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2016, the year of internal systems improvements

Here we are again at the tail end of December, which means that it’s time for my end of year blog post.

For this edition, I wanted to take some time out to talk about some changes we’ve made to some of our internal systems over the past year, and the effects that they’ve had.

Moving to Slack

As a distributed company, our choice of collaboration / chat platform is incredibly important to us. Since the company’s inception we’ve been using an IRC server combined with multiple channels, which is something that has worked very well for us. However as time went on, we started to yearn for some of the features that Slack had to offer, and this year we took the plunge and shifted to Slack.

Our main concern about the move was keeping the “feel” that we’d built up over the years with IRC. Our chat platform has always helped bridge the gap to make sure that we didn’t feel isolated as remote workers, and the chat always had a certain type of feel to it. It has always had a good mix of work and non-work chat and conversations – it was really important not to lose that. Thankfully it remained intact with the move, allowing us to start using the benefits of Slack without losing our watercooler chat.

What are the main things we’re enjoying about Slack, I hear you ask. Good question.

Integrations, Integrations and More Integrations

We currently only have a few integrations, but they really do help make Slack a more productive place.

The key ones are:

  • Visual Studio Team Services, for build notifications
  • Octopus Deploy, for deploy notifications (I’ll talk more about Octopus deploy later)
  • Raygun.io, for errors
  • Support mailbox monitoring, a quick tool we wrote to keep an eye on our shared support inboxes and to notify the team when a message arrives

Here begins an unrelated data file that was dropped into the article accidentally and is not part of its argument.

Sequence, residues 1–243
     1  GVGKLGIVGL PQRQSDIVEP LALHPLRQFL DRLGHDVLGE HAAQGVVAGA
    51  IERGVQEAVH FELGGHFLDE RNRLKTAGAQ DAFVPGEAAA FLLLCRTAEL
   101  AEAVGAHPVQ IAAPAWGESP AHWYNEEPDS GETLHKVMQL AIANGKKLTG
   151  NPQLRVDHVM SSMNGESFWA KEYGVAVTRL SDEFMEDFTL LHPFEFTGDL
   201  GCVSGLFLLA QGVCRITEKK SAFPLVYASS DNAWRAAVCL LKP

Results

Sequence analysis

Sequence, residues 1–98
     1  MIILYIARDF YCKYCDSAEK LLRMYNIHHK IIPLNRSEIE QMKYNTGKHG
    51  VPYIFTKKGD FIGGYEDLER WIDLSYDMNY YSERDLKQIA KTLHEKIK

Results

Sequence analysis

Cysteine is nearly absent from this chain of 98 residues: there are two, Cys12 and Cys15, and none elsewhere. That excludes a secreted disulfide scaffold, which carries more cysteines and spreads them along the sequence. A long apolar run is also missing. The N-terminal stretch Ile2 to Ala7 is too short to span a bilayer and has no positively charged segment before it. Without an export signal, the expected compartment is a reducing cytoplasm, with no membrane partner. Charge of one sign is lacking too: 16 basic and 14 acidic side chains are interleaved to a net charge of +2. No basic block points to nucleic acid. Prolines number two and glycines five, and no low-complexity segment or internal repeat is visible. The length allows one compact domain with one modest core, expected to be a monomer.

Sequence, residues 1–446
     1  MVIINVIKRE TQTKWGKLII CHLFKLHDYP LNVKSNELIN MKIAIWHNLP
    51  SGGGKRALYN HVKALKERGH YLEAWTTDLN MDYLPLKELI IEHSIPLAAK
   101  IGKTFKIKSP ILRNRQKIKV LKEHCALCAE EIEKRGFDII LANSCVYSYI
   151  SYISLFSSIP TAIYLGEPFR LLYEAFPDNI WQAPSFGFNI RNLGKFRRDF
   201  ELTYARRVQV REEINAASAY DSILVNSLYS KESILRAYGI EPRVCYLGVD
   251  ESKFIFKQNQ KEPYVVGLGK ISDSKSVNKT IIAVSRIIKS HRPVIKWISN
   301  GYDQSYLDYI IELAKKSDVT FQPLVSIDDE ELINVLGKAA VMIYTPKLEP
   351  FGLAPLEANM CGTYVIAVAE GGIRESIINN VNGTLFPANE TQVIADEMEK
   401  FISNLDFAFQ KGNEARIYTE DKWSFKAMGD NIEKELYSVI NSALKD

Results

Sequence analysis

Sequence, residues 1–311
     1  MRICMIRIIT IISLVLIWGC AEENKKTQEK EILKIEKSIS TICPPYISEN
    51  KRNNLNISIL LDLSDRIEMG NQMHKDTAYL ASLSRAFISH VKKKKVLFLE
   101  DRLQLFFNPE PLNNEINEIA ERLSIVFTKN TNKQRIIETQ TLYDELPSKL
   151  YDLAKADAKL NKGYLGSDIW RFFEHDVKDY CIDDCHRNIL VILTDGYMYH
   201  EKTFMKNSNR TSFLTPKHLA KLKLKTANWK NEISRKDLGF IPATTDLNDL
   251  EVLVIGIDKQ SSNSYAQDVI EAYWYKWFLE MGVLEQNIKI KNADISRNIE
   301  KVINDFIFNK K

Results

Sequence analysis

Offline Access and Notifications

IRC requires you to be connected in order to see the channel chat, so anyone who doesn’t leave their PC running 24/7 can potentially miss certain conversations. This is something that can obviously happen quite a lot when you have team members in different time zones.

With Slack it’s much easier to flick through channel history and see what you’ve missed, especially with good use of @ mentions to draw attention to important messages.

Shared Customer Channels

We currently have a couple of channels which we share with customers, and this is something we’re looking to do more and more in future. It doesn’t suit every relationship, but when it’s a match is can work really well. Watching collaboration between multiple parties (us, the design team, and the customer) in real time is a fairly wonderful thing to behold.

Our Issues and Considerations

I’ve already mentioned the concern about keeping the right “feel” for our chat, but in addition to that we had a couple of other concerns with Slack.

Firstly, I got a little bit caught up trying to think of what the ‘perfect’ channel structure would be. How many channels should we have? Where should the integrations go? Do we need a naming convention? It might sound like a silly thing to obsess over, however it can have a large effect on everyone’s day to day life, and therefore on their sanity.